Knowledge is specific to a person. It’s information that has been filtered by a person’s interests and integrated into his or her understanding. All that stuff you get from a Google search is information. You select a few bits from search and learn more about them, and some of them became part of your knowledge base – integrated into the arguments you make and how you think about things. Information itself is like a treasure chest – multiple users can draw from it and make knowledge from it in different ways.
I felt a freedom there, a freedom that makes perfect sense if you recall that while our library derives from the Latin liber, meaning the inner bark of a tree—an early form of paper—the primary meaning of the word is “free, independent, unrestrained.” Books and liberty are born of the same parent.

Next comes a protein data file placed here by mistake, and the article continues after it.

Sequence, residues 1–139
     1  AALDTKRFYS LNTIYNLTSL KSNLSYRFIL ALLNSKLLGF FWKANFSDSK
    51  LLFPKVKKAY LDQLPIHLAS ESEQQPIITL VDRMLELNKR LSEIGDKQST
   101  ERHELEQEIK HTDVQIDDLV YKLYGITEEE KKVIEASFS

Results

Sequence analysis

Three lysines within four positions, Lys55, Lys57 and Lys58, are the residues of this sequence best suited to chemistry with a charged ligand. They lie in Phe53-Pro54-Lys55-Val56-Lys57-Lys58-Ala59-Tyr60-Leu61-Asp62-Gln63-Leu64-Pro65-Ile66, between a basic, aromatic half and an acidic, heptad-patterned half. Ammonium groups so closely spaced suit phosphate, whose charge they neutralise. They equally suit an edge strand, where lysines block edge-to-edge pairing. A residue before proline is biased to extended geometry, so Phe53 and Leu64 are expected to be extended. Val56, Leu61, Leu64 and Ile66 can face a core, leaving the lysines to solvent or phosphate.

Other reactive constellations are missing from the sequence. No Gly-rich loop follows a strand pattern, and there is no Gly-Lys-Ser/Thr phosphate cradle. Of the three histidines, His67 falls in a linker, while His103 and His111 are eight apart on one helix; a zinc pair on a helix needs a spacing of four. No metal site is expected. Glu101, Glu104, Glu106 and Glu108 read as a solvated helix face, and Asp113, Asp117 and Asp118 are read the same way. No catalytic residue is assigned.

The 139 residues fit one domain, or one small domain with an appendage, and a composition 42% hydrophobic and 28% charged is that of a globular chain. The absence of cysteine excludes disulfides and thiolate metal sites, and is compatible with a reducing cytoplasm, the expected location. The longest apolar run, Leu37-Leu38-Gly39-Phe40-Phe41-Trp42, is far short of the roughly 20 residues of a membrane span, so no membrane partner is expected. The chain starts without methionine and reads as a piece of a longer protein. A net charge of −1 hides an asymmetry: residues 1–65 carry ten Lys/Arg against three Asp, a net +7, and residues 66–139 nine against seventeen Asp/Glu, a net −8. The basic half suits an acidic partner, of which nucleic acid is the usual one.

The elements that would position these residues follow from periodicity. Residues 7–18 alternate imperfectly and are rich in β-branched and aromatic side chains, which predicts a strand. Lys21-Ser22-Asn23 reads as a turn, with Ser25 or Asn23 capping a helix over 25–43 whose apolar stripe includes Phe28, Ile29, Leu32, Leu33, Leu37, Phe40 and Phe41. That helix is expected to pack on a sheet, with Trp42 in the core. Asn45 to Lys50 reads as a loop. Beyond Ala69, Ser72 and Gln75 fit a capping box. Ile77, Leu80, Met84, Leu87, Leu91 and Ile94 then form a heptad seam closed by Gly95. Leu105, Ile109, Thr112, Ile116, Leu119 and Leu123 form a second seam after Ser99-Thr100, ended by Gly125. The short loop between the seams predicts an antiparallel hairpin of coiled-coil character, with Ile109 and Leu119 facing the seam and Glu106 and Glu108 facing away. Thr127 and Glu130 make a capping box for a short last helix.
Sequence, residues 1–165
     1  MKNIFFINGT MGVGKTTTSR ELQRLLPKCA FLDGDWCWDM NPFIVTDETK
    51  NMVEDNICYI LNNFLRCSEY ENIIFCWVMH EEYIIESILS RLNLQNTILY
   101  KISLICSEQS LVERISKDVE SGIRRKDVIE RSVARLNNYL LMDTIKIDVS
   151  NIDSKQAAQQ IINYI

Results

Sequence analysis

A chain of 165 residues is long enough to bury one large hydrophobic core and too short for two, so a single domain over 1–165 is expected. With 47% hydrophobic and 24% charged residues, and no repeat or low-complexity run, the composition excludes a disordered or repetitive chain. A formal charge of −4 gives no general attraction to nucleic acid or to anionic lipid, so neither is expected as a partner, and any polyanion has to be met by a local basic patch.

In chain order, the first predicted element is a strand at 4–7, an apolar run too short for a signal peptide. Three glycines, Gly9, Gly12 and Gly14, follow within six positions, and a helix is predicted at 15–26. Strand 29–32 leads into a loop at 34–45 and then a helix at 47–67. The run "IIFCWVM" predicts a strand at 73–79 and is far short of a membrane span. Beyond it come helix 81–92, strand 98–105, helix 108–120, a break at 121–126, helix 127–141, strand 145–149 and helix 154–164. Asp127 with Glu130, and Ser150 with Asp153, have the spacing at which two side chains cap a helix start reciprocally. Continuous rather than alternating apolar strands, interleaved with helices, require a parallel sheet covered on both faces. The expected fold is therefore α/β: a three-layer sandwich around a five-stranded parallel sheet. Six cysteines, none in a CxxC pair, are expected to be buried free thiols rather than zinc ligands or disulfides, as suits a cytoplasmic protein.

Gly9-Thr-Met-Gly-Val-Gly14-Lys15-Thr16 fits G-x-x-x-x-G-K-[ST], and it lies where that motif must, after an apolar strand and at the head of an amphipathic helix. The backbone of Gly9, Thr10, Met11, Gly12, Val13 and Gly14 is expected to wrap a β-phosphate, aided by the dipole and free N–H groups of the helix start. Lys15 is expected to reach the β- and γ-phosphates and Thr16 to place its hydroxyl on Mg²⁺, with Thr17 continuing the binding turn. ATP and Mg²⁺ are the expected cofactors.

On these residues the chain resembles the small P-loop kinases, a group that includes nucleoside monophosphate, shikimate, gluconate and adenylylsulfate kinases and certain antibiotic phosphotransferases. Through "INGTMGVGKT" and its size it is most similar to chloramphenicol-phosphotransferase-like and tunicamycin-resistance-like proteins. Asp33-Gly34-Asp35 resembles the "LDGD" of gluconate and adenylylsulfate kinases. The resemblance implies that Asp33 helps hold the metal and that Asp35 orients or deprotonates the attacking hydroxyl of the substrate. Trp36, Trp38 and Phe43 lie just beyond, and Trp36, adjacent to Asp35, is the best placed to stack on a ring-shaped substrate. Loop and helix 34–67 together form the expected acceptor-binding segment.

—Susan Olding, “Library Haunting”
via: Utne Reader
The Irish fanned out across Europe, salvaging books wherever they could, making copies, reassembling libraries and teaching the newly settled barbarians of the continent to read and write.
But they did more than this: they managed to infuse the emerging medieval world with a playfulness previously unknown. In the margins of the books they copied, the Irish scribes drew little pictures, thickets of plants, flowers, birds and animals…
As the public grows more desperate, scholars are working to randomly italicize different sections of the text, hoping the italics will land on the important parts and allow everyone to go on with their day. For now, though, millions of panicked and exhausted Americans continue to repetitively search the single column of print from top to bottom and right to left, looking for even the slightest semblance of meaning or perhaps a blurb.